According to reports, Huawei rotating chairman Xu Zhijun announced at a connected vehicle conference in Beijing today that the company would create an ecosystem of sensors for cars, including radars and LIDAR. Few other details were provided, other than that this would derive from Huawei’s work in 5G technologies and millimeter wave.
Huawei has a history of producing electronics equipment with good quality at lower costs than many competitors. This may bode a future of lower cost sensors for robocars, which would be good. While today, almost all developers are strongly focused on reaching safety goals rather than reducing costs, in the long run all will want to reduce costs. Cheaper sensors can also mean having more of them for greater safety and performance.
Indeed, over time it is expected that the sensor and computing suite in a robocar will cost less than the components removed from a full robocar (like steering wheels, dashboards, pedals, power seats, single panel windshields, mirrors and countless others) meaning that the total cost of a robotaxi is less than the cost of a similar car today. This will bring down the cost of automotive transportation and make it available to a larger population.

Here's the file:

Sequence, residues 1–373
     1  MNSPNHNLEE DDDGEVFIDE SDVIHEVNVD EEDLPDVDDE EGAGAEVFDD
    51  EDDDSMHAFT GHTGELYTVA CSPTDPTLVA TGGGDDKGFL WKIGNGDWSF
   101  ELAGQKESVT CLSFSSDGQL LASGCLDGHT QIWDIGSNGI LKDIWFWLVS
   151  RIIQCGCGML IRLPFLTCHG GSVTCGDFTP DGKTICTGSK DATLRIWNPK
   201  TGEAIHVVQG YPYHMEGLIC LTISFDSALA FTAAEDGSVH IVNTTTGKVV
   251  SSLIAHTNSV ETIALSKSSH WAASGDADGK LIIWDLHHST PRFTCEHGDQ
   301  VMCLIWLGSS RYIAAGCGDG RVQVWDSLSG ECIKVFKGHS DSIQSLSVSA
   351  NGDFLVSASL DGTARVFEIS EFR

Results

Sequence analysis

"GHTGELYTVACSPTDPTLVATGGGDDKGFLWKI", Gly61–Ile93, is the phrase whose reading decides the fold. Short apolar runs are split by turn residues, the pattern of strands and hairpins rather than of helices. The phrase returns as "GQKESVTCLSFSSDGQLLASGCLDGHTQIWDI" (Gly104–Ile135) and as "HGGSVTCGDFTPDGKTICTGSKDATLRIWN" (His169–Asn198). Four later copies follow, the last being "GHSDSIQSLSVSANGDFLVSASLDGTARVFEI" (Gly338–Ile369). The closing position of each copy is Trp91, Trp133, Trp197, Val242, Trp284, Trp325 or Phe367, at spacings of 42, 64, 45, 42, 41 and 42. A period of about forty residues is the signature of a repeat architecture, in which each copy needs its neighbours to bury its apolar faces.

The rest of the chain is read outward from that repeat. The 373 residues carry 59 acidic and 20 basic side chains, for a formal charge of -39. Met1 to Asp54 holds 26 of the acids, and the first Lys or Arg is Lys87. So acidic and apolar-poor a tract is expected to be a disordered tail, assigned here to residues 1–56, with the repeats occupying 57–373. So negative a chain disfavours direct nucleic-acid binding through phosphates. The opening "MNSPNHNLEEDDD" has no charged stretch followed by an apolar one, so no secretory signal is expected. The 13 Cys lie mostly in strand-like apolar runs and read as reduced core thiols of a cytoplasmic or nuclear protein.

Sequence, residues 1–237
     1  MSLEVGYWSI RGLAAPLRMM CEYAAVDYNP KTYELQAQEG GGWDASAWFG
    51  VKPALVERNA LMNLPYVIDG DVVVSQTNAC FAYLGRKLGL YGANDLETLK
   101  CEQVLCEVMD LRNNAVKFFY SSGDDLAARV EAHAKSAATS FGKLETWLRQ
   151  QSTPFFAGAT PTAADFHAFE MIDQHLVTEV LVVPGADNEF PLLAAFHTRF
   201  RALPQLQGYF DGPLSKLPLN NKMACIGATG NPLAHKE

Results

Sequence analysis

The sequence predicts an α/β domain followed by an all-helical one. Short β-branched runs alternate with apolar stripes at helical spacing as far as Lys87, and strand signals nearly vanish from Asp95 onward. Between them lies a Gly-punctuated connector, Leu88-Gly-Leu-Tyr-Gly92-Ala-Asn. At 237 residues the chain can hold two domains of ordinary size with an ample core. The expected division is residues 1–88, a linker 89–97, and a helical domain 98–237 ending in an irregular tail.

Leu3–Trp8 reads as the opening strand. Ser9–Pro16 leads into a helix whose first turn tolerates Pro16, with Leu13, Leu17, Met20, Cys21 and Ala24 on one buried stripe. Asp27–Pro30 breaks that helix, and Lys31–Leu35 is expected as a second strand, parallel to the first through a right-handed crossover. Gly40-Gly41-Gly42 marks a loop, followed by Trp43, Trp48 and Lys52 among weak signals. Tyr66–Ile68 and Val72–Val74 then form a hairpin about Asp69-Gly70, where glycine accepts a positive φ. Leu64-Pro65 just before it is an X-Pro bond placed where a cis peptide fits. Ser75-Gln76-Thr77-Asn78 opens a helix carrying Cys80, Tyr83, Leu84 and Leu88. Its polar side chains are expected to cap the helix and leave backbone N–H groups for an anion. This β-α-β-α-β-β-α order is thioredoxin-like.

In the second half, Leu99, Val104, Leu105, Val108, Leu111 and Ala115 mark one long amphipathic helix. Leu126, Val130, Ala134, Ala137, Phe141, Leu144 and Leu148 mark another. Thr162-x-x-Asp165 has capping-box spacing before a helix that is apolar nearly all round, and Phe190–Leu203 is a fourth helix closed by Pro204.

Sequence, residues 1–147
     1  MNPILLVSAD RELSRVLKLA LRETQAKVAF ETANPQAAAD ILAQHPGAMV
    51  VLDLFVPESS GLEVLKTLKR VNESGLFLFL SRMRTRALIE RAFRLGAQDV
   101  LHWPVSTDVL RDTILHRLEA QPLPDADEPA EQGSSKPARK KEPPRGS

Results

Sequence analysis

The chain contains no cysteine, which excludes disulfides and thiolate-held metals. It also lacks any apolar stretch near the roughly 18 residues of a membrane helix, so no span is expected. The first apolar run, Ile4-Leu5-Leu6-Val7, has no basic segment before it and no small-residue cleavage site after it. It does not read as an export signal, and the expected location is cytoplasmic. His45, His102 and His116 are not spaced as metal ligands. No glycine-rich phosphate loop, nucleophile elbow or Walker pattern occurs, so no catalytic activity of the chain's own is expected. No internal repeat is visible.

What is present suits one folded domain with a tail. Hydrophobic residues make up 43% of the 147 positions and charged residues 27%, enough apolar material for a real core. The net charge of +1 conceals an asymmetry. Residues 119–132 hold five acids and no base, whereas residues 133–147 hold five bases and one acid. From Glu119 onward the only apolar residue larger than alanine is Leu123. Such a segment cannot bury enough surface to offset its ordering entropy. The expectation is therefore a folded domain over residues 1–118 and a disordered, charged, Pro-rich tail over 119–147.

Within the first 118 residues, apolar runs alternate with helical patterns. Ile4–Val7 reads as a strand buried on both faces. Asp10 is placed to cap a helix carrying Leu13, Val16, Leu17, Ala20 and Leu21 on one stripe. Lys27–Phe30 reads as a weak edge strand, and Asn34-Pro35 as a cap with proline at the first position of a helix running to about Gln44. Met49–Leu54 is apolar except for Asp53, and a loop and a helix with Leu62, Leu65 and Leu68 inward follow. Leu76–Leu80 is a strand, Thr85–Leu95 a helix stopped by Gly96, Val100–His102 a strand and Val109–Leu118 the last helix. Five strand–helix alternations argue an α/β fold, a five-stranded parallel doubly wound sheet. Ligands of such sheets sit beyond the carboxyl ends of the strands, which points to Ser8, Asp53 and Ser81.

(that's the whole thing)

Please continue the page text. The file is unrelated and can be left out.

Huawei, however, has recently faced battles with the United States, whose officials have expressed distrust of Chinese made technology in critical systems due to the risk of compromise by the Chinese government, a charge which Xu and others have vigorously denied. If the U.S. government or others forbid or pressure against the use of Huawei sensors in cars driven in the USA, this could be problematic. It is less likely a vehicle would be compromised by a radar or LIDAR, but not out of the question.
Radar is an area of strong research today in robocars, because it is low cost and detects things neither cameras or LIDAR can. It is low resolution but improving. While there is no direct connection to 5G efforts in most modern radar efforts, Huawei may simply refer to the value of the expertise they are building up in the high-GHZ bands and extending it to radar. It is also possible they intend to make use of passive radar, where the signal is transmitted from cell towers, bounces off things in the environment and then is received by a vehicle. This is useful technology, but since it only works in certain special places is not a substitute for standard transmit-and-receive style radar. Today’s automotive radars cost several hundred dollars, but there is no reason that models could not be made costing tens of dollars if made in large quantities.
LIDAR is also an area of hot competition and today, high prices. Several Chinese players are attempting to play strongly in a space previously dominated by U.S. companies. Elon Musk has famously been negative on LIDAR, and cost has been one of those reasons. (Indeed, there is no LIDAR available to put in a currently shipping car like the Teslas.) Other players in the space have presumed that low cost LIDAR will arrive and offer superior sensing ability that wins the race to get to sufficient safety levels first.
Disclosure: The author owns stock in Quanergy, a LIDAR vendor, and has in the past advised Huawei senior management on self-driving cars.